Light Bulbs

Two bulbs rated 60 Watts. Which uses more energy?

Does your family use Compact Florescent Lights (CFL's)? Here is a quick experiment: With a partner, screw in two light bulbs, one CFL and one incandescent. Now one of you put on a blindfold and the other put their hand near — but not on — each bulb. Note the difference. This tells you which one uses more energy. From the difference, which one uses more energy and why?

Energy efficient CFL's cuts greenhouse gas emissions and energy use 75% in comparison to incandescent light bulbs. This equals about 680 fewer pounds of CO2 emissions per bulb. Plus, a CFL bulb lasts ten times longer and saves families an average of $47 in energy costs over the lifetime of each bulb. They may cost more in the beginning, but they save a lot more in both CO2 and dollars in the end!

8d. Energy Use Monitor

Energy Monitor

Energy Monitor

You can also compare the energy used for a CFL bulb with an incandescent bulb with the Kill-a-Watt meter that you have been using to measure energy use of your appliances. Discuss the following questions with your team and write your answers in your notebook.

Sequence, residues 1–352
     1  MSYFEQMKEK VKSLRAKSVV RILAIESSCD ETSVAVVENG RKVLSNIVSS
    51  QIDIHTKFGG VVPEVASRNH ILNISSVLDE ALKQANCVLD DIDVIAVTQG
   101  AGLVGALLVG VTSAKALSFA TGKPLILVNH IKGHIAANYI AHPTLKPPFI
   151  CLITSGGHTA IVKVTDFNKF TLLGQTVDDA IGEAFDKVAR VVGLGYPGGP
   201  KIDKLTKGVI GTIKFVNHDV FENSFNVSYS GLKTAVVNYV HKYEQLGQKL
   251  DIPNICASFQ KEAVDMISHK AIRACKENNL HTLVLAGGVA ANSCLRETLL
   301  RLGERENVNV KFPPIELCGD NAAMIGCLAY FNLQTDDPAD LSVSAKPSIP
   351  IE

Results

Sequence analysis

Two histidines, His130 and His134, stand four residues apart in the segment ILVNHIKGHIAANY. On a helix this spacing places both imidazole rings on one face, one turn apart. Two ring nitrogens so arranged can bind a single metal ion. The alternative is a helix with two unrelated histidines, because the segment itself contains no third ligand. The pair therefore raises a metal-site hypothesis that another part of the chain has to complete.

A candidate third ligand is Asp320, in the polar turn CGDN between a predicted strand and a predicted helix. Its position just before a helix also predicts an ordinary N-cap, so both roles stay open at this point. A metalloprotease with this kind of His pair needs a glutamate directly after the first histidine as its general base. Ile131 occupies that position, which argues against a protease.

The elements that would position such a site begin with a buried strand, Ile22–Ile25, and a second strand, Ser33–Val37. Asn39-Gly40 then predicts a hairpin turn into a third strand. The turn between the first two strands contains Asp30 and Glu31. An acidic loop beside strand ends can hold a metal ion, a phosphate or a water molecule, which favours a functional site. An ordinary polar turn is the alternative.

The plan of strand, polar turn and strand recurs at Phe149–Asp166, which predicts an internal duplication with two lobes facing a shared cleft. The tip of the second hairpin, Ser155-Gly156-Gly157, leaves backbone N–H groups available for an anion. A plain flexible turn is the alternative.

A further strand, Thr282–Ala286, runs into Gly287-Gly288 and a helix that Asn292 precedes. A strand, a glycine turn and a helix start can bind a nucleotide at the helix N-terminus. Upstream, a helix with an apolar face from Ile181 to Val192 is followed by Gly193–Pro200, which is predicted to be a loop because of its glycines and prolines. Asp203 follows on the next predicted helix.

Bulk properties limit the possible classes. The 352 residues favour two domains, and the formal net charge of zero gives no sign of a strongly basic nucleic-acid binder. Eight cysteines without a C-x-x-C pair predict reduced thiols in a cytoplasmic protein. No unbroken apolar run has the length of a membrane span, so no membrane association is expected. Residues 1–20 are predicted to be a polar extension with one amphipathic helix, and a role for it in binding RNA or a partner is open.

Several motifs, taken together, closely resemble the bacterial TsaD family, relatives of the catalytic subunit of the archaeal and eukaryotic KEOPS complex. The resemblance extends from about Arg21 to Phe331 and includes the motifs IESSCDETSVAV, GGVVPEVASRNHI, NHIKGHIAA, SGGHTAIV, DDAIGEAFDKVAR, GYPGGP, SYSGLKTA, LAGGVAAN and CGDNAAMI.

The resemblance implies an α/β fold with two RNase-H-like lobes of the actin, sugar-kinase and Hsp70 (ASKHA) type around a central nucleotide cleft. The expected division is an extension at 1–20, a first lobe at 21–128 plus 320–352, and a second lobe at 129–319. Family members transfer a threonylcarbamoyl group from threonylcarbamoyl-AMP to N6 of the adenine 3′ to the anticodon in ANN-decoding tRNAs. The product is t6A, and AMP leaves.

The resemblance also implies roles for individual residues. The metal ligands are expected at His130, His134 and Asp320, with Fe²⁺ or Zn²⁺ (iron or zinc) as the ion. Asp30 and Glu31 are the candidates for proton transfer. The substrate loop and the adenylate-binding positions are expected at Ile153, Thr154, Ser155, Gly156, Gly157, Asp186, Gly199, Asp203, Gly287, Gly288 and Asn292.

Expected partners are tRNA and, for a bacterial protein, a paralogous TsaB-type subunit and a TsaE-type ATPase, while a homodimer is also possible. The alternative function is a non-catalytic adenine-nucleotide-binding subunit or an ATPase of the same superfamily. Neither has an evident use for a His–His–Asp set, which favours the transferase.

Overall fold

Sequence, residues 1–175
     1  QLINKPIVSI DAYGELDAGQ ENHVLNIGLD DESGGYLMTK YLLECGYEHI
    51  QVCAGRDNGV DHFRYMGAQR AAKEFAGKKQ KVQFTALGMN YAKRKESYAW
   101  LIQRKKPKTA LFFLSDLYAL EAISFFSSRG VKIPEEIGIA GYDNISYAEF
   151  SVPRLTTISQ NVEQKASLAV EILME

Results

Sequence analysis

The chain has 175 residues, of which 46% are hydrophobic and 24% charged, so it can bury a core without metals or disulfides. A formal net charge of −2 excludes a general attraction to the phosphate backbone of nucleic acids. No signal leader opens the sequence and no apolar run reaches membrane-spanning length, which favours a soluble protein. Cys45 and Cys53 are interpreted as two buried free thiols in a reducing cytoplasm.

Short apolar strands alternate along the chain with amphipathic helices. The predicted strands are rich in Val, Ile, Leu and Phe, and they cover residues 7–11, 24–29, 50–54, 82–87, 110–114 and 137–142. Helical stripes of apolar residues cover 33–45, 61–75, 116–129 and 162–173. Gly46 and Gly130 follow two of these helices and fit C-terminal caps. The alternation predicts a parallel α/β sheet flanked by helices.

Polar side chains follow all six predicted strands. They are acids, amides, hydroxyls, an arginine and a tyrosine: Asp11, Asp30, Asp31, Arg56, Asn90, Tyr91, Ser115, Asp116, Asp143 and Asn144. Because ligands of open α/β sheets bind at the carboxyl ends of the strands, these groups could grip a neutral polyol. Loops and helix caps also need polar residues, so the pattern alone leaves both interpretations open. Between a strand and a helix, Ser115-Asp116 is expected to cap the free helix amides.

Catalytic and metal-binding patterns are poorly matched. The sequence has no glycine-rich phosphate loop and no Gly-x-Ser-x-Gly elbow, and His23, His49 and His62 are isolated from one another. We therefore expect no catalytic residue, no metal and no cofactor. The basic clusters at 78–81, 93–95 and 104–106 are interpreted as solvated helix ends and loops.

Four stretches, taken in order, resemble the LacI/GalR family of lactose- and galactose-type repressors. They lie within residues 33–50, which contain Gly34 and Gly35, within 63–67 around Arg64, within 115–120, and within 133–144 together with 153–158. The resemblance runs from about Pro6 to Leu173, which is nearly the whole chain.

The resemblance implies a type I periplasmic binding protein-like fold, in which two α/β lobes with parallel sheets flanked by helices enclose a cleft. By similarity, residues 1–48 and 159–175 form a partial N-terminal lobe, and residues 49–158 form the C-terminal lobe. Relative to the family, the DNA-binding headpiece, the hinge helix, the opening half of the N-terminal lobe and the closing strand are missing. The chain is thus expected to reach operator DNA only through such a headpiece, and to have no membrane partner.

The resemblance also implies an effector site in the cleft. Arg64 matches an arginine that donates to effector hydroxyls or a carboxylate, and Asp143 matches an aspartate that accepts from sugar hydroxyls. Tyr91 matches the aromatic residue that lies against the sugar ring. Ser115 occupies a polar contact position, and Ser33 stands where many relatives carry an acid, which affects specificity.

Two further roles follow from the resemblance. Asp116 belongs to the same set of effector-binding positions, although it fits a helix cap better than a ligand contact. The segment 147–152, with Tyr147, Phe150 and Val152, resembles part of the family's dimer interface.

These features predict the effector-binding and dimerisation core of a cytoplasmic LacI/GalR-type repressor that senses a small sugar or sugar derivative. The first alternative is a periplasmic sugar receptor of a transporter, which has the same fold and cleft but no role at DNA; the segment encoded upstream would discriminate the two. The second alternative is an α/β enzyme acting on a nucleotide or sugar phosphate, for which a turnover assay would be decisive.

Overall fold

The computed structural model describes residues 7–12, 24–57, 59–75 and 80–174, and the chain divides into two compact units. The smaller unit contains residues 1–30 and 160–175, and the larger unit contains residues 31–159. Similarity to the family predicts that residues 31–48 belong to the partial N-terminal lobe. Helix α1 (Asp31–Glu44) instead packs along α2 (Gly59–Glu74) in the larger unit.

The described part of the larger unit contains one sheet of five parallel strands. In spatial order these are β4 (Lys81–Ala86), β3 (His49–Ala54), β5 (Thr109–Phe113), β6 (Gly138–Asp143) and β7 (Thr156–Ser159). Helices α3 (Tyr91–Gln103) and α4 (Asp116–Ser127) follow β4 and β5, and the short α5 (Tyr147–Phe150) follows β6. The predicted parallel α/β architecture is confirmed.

1. How much more energy does the incandescent bulb use than the CFL when it is "on"?
  2. Is there a difference between how much energy the two bulbs draw when they are "off"?
  3. What appliances used the most energy when they were on?
  4. What appliances still used some energy even when they were not being used? Some people call this "phantom" or "vampire" electricity.

8e. Summary

You now have some ideas of how to reduce your carbon footprint, both in your classroom and your home. Talk to your family tonight and see if they want to try to reduce energy use in your household. Maybe they will also give you some other ideas for reducing how much carbon we use! Anyone older than you will have grown up in a time when there were fewer modern appliances. Listen — they might have some ideas.